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Can GTRevival set new standards for accuracy in racing games?

“Expect us to take a few big leaps,” Straight4 Studios CEO Ian Bell tells TG. Here's what they're working on...

Published: 11 Mar 2024

“Here’s a dirty secret about the sim racing genre,” Ian Bell tells us. “Most of the physics engines currently on the market go back a decade, and in some cases, two and even three decades.”

The Straight4 Studios CEO is fizzing with pride about GTRevival, the racing sim his team of Project CARS and GTR alumni are currently developing for a late 2024 release.

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And it’s not necessarily a bad thing that certain physics engines are old enough to order a pint by now, he tells us. Developers have learned how to “fudge” what they can’t accurately model, and as long as the car feels halfway convincing in our hands, we nod along and floor it.

But GTRevival refuses to fudge. Straight4’s building its new sim on a fresh physics engine that makes full use of modern gaming hardware’s power, and that means hitting a new level of physical accuracy.

“We use CAD data from the automakers to model the suspension geometry,” says Bell, “and we’re also adopting some soft-body components to better simulate component deformation under load.

“The engine model takes into account all the thermodynamics and gas flows from intake to exhaust to compute the correct power delivery.

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“The transmission model considers all the components flexing, reproducing natural oscillations.”

These details, along with numerous others Bell mentions that gently remind us how bad we were at physics in school, level up the overall handling model compared to your dad’s racing sims, in ways you’ll really feel, “particularly with a Direct Drive wheel”.

“We’re building a whole new engine and that means our community can expect us to take a few big leaps because we’re not ‘patching’  an engine that is ten or even twenty years old," he said.

Ordinarily we’d smile politely and get back to hotlapping in Forza, but Bell and his team have some serious expertise in this area. In an earlier incarnation as SimBin, they released the GTR games of the 2000s. The name’s a nod to those former greats, in case you didn’t catch that, and GTRevival’s car list also harks back to the same time. The confirmed vehicles so far are all GT1 and GT3 models from the mid-Noughties, muscular and throaty and untamed by modern electronics.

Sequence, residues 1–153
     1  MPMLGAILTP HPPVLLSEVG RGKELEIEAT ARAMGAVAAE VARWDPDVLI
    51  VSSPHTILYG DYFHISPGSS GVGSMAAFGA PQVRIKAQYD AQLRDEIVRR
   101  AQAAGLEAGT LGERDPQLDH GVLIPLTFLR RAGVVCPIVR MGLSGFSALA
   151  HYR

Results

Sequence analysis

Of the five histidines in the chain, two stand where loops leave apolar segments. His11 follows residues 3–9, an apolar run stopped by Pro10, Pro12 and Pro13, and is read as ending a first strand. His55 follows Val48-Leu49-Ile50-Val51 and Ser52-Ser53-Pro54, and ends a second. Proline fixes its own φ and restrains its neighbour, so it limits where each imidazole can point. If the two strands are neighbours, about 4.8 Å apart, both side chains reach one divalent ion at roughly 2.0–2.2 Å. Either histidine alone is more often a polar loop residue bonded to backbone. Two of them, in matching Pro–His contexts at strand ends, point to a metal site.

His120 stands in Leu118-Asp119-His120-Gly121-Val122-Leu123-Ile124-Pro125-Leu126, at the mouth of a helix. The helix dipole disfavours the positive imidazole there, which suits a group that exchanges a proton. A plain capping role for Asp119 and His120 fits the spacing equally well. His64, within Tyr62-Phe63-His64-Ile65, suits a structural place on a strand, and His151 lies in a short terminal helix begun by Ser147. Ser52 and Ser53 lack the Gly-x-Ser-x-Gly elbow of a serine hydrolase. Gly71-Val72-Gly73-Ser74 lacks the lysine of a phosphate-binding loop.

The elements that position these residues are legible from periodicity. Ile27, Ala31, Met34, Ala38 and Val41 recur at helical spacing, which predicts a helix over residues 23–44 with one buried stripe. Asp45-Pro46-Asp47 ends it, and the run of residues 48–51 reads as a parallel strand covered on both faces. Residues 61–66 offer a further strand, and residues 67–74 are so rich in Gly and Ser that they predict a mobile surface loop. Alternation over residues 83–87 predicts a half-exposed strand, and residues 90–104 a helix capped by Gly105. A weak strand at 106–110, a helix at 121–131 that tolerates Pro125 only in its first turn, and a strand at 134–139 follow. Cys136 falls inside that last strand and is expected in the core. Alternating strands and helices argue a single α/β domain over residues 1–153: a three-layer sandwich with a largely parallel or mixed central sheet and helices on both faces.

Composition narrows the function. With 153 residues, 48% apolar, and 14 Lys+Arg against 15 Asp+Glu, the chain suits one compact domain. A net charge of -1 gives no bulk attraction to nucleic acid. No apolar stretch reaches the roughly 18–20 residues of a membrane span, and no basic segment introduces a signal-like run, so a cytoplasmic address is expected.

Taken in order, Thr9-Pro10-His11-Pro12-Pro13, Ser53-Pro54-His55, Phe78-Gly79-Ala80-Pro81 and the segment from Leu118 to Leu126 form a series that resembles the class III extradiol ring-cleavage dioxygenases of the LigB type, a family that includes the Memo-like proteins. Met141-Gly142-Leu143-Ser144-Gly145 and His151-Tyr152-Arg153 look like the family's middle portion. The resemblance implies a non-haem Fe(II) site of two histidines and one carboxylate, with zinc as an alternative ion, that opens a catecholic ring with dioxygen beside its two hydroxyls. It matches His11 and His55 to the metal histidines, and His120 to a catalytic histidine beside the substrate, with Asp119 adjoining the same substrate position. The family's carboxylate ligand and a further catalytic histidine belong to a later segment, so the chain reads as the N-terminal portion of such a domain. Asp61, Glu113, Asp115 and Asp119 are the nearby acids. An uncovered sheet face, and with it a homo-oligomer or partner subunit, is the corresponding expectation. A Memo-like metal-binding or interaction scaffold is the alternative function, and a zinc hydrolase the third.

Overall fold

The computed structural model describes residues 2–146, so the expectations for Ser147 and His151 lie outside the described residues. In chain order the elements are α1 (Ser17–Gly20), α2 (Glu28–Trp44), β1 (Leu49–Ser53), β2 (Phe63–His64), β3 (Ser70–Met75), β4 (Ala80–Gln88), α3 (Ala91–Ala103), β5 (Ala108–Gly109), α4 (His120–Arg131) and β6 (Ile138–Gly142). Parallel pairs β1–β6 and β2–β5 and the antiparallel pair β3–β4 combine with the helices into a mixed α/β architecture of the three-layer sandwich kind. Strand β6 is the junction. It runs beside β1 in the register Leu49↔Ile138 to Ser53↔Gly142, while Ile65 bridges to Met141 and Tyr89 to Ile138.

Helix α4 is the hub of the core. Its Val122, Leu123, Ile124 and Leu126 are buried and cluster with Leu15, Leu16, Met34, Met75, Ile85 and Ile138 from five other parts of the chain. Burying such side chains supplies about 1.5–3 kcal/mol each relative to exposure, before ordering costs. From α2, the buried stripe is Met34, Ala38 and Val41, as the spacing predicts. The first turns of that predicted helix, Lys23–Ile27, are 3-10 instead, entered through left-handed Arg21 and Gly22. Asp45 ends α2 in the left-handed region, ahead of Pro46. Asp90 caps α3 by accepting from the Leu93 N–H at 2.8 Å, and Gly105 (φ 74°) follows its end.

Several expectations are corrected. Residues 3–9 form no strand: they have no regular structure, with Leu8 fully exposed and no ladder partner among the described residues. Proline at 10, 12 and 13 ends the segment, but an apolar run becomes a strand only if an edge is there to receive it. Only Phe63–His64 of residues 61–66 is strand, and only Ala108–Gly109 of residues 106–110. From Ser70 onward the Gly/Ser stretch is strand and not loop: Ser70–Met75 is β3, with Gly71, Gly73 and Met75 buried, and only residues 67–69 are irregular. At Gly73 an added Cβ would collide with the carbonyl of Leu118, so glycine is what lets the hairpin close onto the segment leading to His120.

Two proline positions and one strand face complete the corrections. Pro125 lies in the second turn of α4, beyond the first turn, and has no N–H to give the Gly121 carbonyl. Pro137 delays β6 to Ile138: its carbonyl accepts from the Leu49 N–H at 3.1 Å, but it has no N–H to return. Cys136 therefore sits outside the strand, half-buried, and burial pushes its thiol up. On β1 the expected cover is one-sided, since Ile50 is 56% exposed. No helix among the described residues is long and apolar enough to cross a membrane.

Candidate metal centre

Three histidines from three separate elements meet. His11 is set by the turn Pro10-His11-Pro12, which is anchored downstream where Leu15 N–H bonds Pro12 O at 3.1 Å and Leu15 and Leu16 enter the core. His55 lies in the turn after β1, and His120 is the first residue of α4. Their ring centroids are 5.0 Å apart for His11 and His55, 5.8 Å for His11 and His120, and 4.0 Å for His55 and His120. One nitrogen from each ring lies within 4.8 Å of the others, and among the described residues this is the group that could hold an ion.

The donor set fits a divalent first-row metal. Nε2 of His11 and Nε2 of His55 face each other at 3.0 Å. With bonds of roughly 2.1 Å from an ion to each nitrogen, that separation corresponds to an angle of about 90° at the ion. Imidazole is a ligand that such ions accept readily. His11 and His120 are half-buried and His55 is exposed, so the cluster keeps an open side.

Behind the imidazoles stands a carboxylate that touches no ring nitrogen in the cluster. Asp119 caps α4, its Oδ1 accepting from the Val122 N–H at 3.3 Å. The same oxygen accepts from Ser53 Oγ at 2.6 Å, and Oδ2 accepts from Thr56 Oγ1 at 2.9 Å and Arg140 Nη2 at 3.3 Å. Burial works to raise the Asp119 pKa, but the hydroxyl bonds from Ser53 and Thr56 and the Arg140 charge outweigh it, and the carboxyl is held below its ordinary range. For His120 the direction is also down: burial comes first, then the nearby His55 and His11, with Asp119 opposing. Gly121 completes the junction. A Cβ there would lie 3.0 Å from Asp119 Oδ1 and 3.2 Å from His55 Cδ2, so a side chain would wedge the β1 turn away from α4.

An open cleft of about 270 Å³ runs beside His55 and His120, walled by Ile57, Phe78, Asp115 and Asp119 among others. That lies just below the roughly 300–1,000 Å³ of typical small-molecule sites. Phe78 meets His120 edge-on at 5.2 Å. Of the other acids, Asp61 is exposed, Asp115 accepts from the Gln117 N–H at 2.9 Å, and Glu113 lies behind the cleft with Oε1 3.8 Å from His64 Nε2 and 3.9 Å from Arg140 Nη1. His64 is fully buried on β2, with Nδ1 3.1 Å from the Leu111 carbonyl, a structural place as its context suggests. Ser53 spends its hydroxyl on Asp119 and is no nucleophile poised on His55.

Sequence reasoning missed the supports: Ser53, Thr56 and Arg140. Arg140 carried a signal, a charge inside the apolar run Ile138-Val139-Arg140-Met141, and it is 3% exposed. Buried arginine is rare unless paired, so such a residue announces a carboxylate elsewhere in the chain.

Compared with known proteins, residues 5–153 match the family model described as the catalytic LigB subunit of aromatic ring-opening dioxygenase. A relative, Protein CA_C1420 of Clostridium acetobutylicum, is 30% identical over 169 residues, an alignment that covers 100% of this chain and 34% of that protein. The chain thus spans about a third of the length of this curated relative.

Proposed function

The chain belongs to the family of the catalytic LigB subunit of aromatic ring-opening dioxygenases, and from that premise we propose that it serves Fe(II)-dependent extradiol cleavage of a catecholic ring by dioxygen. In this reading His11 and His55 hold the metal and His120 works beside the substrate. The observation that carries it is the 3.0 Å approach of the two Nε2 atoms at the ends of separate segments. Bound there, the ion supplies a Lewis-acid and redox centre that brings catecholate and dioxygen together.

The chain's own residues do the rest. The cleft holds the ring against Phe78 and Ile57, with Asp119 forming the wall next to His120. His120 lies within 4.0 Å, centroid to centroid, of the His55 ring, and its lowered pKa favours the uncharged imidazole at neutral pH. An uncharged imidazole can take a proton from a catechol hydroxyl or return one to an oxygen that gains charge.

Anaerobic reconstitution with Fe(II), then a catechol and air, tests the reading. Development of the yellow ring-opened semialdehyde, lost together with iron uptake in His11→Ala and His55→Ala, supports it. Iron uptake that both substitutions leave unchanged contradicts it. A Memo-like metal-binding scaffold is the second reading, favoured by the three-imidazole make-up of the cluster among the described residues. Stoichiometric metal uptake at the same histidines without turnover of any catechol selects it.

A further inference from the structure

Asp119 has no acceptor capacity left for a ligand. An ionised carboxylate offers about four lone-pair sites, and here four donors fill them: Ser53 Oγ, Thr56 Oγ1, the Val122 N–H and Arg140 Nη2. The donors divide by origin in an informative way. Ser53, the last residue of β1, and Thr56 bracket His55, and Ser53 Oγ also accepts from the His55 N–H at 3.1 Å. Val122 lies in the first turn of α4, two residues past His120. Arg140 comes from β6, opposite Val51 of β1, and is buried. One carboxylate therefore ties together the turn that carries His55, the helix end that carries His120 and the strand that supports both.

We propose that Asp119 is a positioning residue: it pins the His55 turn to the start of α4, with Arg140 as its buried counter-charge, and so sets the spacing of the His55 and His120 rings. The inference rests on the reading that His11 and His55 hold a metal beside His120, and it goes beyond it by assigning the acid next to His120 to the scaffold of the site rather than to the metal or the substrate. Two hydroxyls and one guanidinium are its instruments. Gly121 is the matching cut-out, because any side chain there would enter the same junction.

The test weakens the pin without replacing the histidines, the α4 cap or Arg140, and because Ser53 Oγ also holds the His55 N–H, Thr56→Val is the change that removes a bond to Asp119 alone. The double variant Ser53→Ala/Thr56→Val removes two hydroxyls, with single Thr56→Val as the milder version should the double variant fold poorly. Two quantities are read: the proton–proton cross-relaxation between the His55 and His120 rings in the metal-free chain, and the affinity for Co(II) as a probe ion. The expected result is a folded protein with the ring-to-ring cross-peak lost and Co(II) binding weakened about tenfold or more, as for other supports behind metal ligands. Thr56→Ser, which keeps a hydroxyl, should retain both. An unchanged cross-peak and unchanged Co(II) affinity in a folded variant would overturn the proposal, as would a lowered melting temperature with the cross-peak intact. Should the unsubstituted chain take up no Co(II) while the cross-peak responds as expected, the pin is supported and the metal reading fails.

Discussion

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With Slightly Mad Studios, Bell created the criminally unsung Need For Speed Shift series and the Project CARS franchise. And when a convoluted sequence of corporate takeovers doomed the planned fourth game, some of that incredibly talented team found their way to Straight4.

There’s decades of know-how within those walls, then. So if they tell you that “you can now feel our soft body chassis solver for the first time in our sims - and yes, it’s as sweet as you can imagine,” you defer to their wisdom and infer that something important has been achieved by minds smarter than yours.

Handling’s one thing. But we’re shallow beings at our core and we need our eyes and ears to be tricked, not just our hands.

“Graphics and audio are crucial,” says Bell. “I was looking at Project CARS 2 the other day, and I guess I’m a little biased, but go take that out on a rainy, foggy day at Spa and tell me there are sims out there today that are more beautiful, especially in VR. There just aren’t. And that team is still with us. Audio, same story.”

We’re inclined to agree, Ian. Built on those fundamental foundations, GTRevival wants to take on the big names in sim racing and assert itself as a base for serious competitions. You know, like iRacing kinda serious, only without the monthly subscription fees.

“We’ve spent a lot of time and capital and effort creating what we believe will be the most competitive online sport in sim racing,” says Bell.


“Leading that project is Henrique Alves who developed the Sim Racing System concept. We’ve given him freedom and a budget and a simple enough task — give those blokes from Boston a run for their money. And we’re confident we’ll be doing just that, except the cost of entry will not be a subscription but the price on the back of a box of GTRevival.”

Finally, at the other end of the spectrum are the newcomers. Racing sims don’t generally do a great job of onboarding the beginner racers, the ones without thousands of hours’ practice in other sims to translate to a new physics model and simply crack on.

And with its Racing School content, GTRevival hopes to offer a friendlier and more useful on-ramp.

“It’s been tailormade by real-world pros - Ben Collins, the former Stig to name just one - to enable drivers to become capable sim racers in the shortest time possible. We kind of introduced this concept of a driving school back with GTR two decades ago, as you may recall, and we’re bringing it back to GTRevival, but in a far more 'fun' way. Fun, but also designed to be a training tool.”

Not sure who he means by that Stig chap. The mode sounds promising though.

Bell tells us there’s a big announcement coming in March or April regarding a deal Straight4 has brokered and a delay to GTRevival’s release date as a knock-on effect. But we’ve been waiting two decades for a return to GTR’s hardcore sim levels now. We’re in the home stretch, and it sounds like this team’s creating something built to last.

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